I've been meaning to update everyone on orientation for a bit. Friday night we had a BBQ with faculty, staff, residents and everyone' families, sig O's. Of the class graduating (the leaving R3's) there are 8 residents and 11 children. The trend continues through the ranks - our class only having 5 kids for 8 residents. I was fashionably late, and apparently missed the part of the BBQ where everyone stands up and introduces their siginificant other, kids, etc. The photo is of my attempt at eating the world's largest hot dog.
I think it's required, but late last week we had a lecture on sleep deprivation. I thought it was very interesting. More interesting, surely, than the discussion on hospital protocols. Personally, I think the presentation should be for the rest of the world. We know
we are sleep deprived, and hungry, and gaining weight, and grumpy and falling asleep at the wheel. But the nurse who gets mad at us because we weren't cheerful after a 30-hour shift, or the guy in the Mercedes behind us, who's honking because we didn't immediately gun it at the green light? They
need to learn how tired we really are.
Yeah sure, we learned some tips and tricks. But the real message is that nothing helps sleep deprivation like sleep.
I was a little concerned about a bit of a double standard. The program here adheres very strictly to the resident work hour rules. These rules, for those who aren't aware of them, have been imposed upon programs in the US. Not as punishment, but because if they weren't imposed upon them, the wouldn't adhere to them. However, even here, I have heard little bits and pieces of things that concern me. "I'll definitely respect you if you want to stay past your hours... but you can't." Or "Dedication is admirable
, but we have to assure you aren't exceeding hours." There's also "One resident was mad at me because I was sending her home after 30 hours. She said I was impeding her educational experience." Hm. If that's not sleep deprivation talking I don't know what is. Yes, I'm sure there will be times, as my 30 hours ends, that I will want to stay and finish this one last thing. But I know
that after 30 hours awake, you'll have to show me something ten times before I learn it. Alert, I might pick it up the first time. (photo from my window at night.)
I also told some folks I'd put the following on my blog. Here are some of the resident work hour rules. And, for those in need of even more education, click here
for more information on the resident work hour regulations (the first link is AMA, the second is AMSA's ...photo explained in last paragraph).
Some of the Standards (right off my handout)
1. Call scheduled no more than every third night
2. One full 24-hour day in 7 free of patient care [averaged - not enforced per week]
3. Limit of 80 duty hours per week averaged over four weeks
4. 24-hour limit on continuous duty with up to 6 additional hours for transfer, debriefing or didactic activities [that pretty much covers anything in residency].
5. a 10 hour minimum rest between duty periods
There's more but that's the gist of the regulations.
Interesting point our residency director made: in "his day" they worked longer hours. However, according to him, they had more hours that were less productive. Since we are cramming the same education in to 80 hours (instead of 100 or 120) a week we have virtually no downtime. So our 80 hours are intense and spent running around, admitting patients, going to didactics, getting our work done, with very little down time. Hmm... makes me wonder if the Gray's Anatomy folks are adhering to the work hour regulations since they do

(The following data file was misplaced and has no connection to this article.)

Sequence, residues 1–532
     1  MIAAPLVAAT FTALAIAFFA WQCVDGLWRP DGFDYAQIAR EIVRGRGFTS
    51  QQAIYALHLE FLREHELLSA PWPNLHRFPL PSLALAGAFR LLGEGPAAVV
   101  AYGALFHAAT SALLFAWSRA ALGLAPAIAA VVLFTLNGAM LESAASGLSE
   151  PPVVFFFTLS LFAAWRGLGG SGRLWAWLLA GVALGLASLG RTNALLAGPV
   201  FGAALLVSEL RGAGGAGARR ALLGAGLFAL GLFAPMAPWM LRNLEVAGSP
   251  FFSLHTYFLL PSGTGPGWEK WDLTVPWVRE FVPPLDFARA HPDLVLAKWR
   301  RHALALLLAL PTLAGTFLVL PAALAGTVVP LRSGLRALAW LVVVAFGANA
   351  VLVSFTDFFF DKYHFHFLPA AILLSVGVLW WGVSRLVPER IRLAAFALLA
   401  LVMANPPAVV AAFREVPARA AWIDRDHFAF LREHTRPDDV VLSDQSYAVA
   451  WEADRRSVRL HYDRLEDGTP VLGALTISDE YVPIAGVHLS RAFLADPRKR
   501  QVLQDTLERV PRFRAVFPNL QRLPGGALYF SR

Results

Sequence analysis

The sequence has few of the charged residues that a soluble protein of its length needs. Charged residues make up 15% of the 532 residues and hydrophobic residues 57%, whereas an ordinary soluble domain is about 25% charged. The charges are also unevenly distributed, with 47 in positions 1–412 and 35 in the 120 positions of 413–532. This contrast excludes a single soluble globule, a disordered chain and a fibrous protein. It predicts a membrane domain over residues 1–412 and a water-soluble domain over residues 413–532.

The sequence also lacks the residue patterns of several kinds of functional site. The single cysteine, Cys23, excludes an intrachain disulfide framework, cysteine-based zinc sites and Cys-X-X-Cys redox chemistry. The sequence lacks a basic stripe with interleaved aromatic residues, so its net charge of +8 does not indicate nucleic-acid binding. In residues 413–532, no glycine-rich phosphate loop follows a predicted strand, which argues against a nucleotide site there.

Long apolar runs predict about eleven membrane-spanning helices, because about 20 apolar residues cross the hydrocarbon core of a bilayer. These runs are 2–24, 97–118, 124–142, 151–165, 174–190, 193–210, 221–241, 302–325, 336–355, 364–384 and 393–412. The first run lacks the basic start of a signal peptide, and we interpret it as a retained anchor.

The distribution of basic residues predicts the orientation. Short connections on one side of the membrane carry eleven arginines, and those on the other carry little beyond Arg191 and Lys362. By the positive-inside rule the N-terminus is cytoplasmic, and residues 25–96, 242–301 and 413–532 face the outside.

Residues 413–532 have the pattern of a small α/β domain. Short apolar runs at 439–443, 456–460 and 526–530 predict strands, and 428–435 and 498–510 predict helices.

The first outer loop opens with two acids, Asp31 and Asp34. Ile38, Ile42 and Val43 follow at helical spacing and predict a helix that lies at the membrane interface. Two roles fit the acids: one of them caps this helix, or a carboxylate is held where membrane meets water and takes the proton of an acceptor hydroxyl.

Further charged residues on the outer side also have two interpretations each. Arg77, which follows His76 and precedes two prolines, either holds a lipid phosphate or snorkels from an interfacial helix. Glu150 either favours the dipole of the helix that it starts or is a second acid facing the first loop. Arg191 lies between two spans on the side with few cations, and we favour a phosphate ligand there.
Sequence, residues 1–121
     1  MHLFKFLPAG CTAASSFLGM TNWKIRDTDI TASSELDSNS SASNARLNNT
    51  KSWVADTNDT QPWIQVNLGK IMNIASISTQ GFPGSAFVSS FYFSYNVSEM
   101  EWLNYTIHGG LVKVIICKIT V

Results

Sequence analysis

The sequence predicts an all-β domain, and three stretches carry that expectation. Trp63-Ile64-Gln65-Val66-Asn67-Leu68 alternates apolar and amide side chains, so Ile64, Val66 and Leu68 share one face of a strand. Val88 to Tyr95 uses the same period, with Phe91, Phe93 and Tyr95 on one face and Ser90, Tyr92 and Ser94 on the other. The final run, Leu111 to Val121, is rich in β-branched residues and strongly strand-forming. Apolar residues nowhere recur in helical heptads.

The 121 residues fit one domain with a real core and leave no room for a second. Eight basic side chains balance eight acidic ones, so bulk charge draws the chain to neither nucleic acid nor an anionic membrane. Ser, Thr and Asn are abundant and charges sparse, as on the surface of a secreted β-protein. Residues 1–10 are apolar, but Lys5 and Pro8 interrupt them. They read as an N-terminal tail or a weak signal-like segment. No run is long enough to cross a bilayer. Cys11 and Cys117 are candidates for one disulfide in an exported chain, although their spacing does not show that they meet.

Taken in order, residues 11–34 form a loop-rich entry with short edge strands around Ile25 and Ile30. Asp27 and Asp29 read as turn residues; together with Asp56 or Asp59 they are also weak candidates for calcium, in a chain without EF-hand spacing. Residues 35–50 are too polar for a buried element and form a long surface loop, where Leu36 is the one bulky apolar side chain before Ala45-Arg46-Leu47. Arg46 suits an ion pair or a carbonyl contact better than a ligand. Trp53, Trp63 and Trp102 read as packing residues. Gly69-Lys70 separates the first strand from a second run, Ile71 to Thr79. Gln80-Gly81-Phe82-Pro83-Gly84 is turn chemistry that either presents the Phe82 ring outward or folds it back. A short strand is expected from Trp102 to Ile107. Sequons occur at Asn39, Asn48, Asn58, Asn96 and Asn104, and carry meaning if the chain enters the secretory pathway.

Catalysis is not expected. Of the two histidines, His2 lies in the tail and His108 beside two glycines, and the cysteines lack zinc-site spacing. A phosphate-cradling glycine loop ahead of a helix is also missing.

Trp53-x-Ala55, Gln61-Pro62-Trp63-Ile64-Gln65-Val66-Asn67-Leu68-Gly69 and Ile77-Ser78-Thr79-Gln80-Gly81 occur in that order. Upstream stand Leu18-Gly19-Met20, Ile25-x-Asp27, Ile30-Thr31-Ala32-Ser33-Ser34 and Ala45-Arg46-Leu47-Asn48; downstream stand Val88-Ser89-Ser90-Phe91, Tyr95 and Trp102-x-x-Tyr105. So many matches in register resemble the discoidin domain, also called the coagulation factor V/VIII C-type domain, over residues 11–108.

seem to have a lot of downtime. (photo from art festival)
Also interesting. There was discussion of brain-washing. How do you brain-wash someone? You sleep deprive them, give them bad food, and expose them to repetitive messages. Again I say: hmm...
Regardless. I'm not working much at all this past week and had lots of time to go to the Urban Art Festival
here in Tacoma. It was a great time! I didn't go until rather late in the evening as it was pretty nasty all day. It rained and even hailed
! Definitely not good street fair weather. However, a rainbow emerged (literally) and the sun came out for a few hours and I moseyed on down to the Art Festival to see what was happening.
By the time I got there many booths were packing up. I talked to two artists who said the winds and rain were so bad they were literally hanging from the support beams of their tents to keep them from blowing away. The exhibitors did look spent, but those like me who had the luxury of coming when the weather was nicer were enjoying ourselves. The music was great
- it was "I can't believe this is free" kind of great. There was a main stage with live performers and a DJ in a covered parking lot (not sure if that was his original location, given the rain). The DJ was playing techno music - making me a little homesick for Detroit and, again, bummed I missed the electronic music festival there. I listened to both for a while but preferred the live music ultimately as the crowd gathered there was much more diverse.
The exciting thing is that there were a lot of left-wingers there. I saw a guy in a tie-dyed lab coat (see above), people wearing PFLAG stickers, dancing old hippies (both near the music venues and far from them). It was pretty great and made me like Tacoma even more. I hope the weather is more favorable for the Festival next year since it seems like something I may want to spend more than an hour at if possible.
Labels: residency, Tacoma